The overall effect being to achieve the unity of a scene or an object, a wholeness that must be discriminated into its parts through deliberate effort and refinement of attention. Much has been made of perception as a process for recognizing the world in terms of its fundamental units or categories. Aristotle treated those units of oneness as “modes of being,” as if they were properties of things in themselves. Kant saw them more as phenomena created by consciousness itself in its own terms through the process of apprehending the world. Gerald Edelman presents categorization as a quality of perception dictated by values inherent in the perceiver which are necessary to acting in the world adaptively for the sake of survival.

However we account for consciousness, attention, and awareness, we must allow for two types: 1) concrete, sensory perception, and 2) a more generally applicable type that is less specific and so more abstract and conceptual. Consciousness can balance or move between the two types, from the abstract to the concrete, and back again, encompassing both example and principle, token and type, species and genus, concept and percept. How the brain achieves this remarkable dynamic is not fully understood, but there is no doubt that both types can be joined in the workings of consciousness. Except that education tends to tip the balance toward the summary judgments of conception.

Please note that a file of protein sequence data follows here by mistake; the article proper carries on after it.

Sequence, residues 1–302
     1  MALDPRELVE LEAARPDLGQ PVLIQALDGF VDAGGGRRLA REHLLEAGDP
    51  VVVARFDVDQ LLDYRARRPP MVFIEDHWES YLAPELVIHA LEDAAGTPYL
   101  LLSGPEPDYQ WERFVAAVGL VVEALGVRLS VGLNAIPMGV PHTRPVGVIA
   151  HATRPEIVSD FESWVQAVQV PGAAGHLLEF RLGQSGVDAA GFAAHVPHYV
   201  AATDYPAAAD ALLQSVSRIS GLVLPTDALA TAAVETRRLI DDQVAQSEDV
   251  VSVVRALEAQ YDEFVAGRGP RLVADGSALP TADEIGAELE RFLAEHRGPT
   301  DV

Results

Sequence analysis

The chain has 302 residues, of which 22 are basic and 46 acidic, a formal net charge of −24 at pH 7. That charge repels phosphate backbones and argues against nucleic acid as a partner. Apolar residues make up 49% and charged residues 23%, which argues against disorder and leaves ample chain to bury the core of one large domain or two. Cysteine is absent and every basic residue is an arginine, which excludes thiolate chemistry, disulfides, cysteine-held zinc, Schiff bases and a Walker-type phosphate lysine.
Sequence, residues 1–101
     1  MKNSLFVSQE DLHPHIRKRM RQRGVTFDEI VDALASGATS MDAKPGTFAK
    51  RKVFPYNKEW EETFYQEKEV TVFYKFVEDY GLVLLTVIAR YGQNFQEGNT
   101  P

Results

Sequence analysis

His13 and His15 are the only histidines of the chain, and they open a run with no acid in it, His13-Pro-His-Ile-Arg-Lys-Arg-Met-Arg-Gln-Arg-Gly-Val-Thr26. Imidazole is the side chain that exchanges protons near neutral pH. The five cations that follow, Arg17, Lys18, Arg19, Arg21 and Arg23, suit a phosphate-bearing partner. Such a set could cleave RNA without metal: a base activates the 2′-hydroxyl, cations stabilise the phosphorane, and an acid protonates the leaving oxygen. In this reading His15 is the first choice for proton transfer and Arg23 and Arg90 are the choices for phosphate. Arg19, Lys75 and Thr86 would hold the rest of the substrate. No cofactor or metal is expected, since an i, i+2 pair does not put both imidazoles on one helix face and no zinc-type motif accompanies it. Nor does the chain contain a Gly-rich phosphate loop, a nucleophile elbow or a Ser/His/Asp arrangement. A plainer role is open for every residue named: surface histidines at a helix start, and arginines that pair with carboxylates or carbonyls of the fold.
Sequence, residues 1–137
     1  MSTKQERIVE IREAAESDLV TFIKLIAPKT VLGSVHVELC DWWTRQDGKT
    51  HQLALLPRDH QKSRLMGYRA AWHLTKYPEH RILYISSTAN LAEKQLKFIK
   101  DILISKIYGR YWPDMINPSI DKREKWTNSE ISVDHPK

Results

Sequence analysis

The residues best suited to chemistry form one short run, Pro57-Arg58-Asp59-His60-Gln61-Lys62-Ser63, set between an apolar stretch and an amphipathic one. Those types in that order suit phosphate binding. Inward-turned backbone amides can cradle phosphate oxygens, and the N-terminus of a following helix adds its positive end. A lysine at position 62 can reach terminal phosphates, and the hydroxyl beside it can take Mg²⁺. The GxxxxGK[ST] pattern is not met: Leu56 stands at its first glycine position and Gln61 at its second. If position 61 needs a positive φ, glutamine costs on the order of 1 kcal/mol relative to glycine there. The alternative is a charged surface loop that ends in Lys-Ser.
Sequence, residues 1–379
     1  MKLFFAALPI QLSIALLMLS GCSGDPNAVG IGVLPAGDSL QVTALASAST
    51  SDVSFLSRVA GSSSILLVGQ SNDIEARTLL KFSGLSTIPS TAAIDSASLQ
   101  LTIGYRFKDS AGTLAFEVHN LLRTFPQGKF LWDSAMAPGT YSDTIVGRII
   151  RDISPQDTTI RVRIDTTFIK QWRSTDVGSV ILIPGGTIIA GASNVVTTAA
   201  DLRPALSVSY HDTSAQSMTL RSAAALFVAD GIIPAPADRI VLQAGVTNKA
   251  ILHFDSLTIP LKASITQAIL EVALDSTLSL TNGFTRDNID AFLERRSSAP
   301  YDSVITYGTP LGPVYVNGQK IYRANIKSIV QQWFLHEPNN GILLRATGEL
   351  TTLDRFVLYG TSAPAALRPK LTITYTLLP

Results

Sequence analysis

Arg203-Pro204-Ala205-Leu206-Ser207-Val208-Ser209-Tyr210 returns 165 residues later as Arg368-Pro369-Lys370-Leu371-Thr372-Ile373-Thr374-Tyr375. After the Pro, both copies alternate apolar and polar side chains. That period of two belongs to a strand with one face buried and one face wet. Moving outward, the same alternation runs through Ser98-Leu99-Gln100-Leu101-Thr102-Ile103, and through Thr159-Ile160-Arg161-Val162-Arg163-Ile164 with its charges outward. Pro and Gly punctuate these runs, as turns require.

It strikes me that what I was doing in sorting my laundry in the first example above, the first graders were doing in labeling the teacher’s toy truck, and my seniors did on their blind walk—was casting abstract, conceptual expectations onto the world as a kind of outline for what we thought was possible in and appropriate to our respective situations. We then confirmed those expectations as they were fulfilled on those three occasion by acting appropriately to our situations, students calling out the name (as they had been taught) that fit most closely to their expectations as a kind of easy shorthand for the full-bodied (detailed perceptual) experience, and me sorting my laundry into piles I deemed appropriate to my subsequent tasks of putting clothes away and clean sheets on the bed. 

As I have often written, expectation is destiny. We don’t live in the world so much as in our expectations of what that world should be. We make the evidence of our eyes and ears conform to what we want to happen. Our stance toward the world, our fundamental attitude toward reality, determines how we act far more than the evidence of our senses. It as if we were wind-up toys that head off as soon as set on the floor. Education winds us up, life fulfills what we have been taught. That is, it is our preconceptions that drive us, not the existential facts of our lives.

This is the understanding I have been seeking since my first post to this blog in early October, 2008. Taking time off to reflect on my posted reflections, this is what I have discovered. As humans walking our diverse ways, we are condemned to find what our families, peers, teachers, and overall cultures have prepared us to find. We fit the world to whatever model of the world we have assembled over the course of our training. That is our reality. Which our experience inevitably fulfills because—contrary to public belief—perception follows and does not lead the dictates of conception.

Picture humans on their blind walks through life, judging and labeling what they find according to their acquired pre-dispositions, and that is my portrait of the human predicament of days gone by, which is identical to the one we find ourselves in today.

Cormorants